That truism embraced - I'm head over heels enamored with Lucas Pope's Return of the Obra Dinn as it seems custom-built to appeal to each of my loves and past work as an insurance adjuster (Fire claims for four years among other insurance duties). What Pope nails is the process of working claims.  The damage has already been done and it's up to you, playing the adjuster, to piece together the events that brought the Obra Dinn to its end.

17Oct/182

First Reformed (2018)

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The cold weather does little to encourage attendance at First Reformed church. Reverend Ernst Toller's dispassionate approach to his sermons provide little reason to stay. When one of his parishioners comes to Ernst with ecological concerns, Ernst begins an uneasy journey through what remains of his faith. Paul Schrader wrote the screenplay for and directs First Reformed, which stars Ethan Hawke.

"Courage is the solution to despair. Reason provides no answers."

Reverend Ernst Toller (Ethan Hawke) offers the above line of cold comfort to Michael Mansana (Philip Ettinger) in the opening passages of Paul Schrader's First Reformed. Michael despairs over the condition of the planet, neatly presented with charts and factoids aplenty as the stunned Reverend listens. The difference between Michael and Ernst is Michael has reason to despair and Ernst is so mired in codependency he's latched on to Michael's despair as a way to build reliance on himself in a way religion failed to do so.

Ernst's codependency is a fascinating subject that receives little attention outside Schrader's specific aim - to show what happens when a Reverend meets an atheist and goes online for what seems to be the first time. This places First Reformed into broad cynicism, not informed despair, and shallow nature of Schrader's pessimistic screenplay gets no favors from Hawke's equal parts self-pitying and growling performance.  First Reformed is a bad film, one that continues Schrader's downward trend from The Canyons, and so thoroughly lacks in compelling attributes that I started to wonder how this man could also be responsible for Bringing Out the Dead and Mishima: A Life in Four Chapters.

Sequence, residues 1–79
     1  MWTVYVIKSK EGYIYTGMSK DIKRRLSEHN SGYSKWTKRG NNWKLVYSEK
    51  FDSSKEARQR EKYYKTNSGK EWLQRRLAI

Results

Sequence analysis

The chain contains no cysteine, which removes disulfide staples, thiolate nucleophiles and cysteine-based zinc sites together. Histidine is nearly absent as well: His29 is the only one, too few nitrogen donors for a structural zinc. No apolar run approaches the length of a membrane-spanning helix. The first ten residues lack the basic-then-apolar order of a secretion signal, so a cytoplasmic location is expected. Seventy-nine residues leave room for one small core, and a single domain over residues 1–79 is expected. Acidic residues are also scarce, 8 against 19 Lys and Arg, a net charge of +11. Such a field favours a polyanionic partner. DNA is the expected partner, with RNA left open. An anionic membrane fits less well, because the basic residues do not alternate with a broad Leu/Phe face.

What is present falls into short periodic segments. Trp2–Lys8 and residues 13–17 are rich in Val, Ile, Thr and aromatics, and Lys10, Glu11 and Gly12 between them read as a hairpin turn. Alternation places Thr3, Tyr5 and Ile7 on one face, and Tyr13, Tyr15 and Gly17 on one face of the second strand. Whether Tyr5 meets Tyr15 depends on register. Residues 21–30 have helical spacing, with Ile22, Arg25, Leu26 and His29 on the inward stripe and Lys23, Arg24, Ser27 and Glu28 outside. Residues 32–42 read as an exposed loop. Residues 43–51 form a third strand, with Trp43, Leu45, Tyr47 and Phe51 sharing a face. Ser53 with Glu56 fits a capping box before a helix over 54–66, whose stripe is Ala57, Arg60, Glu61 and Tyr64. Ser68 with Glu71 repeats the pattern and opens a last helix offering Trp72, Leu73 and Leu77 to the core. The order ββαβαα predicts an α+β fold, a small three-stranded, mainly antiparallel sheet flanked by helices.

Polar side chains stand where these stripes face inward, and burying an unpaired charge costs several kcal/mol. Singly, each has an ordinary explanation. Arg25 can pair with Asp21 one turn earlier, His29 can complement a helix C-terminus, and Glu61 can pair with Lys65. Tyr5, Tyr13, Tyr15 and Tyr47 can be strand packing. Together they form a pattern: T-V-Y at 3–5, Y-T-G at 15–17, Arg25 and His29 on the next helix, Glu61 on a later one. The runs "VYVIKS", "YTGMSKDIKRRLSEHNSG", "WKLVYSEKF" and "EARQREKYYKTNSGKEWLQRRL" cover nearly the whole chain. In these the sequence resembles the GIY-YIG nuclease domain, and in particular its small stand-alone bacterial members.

10Oct/180

Isle of Dogs (2018)

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A boy falls downward
Among abandoned canines
They will soon fight back

Wes Anderson wrote the screenplay for and directs Isle of Dogs, which stars Bryan Cranston and Koyu Rankin.

Wes Anderson's niche of whimsy by way of dry dialogue and meticulous visuals already found a successful animated venture in The Fantastic Mister Fox.  After Isle of Dogs, I would be content if Anderson never made another live-action film.  Isle of Dogs is - without question - his most brutal film and a surprise considering his humor lends more to melancholy than violent reality.

Anderson's appreciation for world cinema has never been more thoroughly integrated into the substance of his film. There's an extensive list of Akira Kursoawa references throughout Isle of Dogs, but Anderson is not content to rest on the laurels of one Japanese master. In Anderson's unblinking look at violence I thought most often of Masaki Kobayashi, whose samurai films and humanist epics rivaled Kurosawa in length, style, and the depths humans must go through to adhere to their moral codes.  The moments of quiet recall Yasujirō Ozu alongside a quiet running gag of cats appearing in the corners were Ozu's red teapot might have. Anderson goes beyond Japan, calling on The Plague Dogs (the British-American animated follow-up to the childhood-wrecking Watership Down), 101 Dalmatians, and the food preparation of Korean cinema à la Oldboy.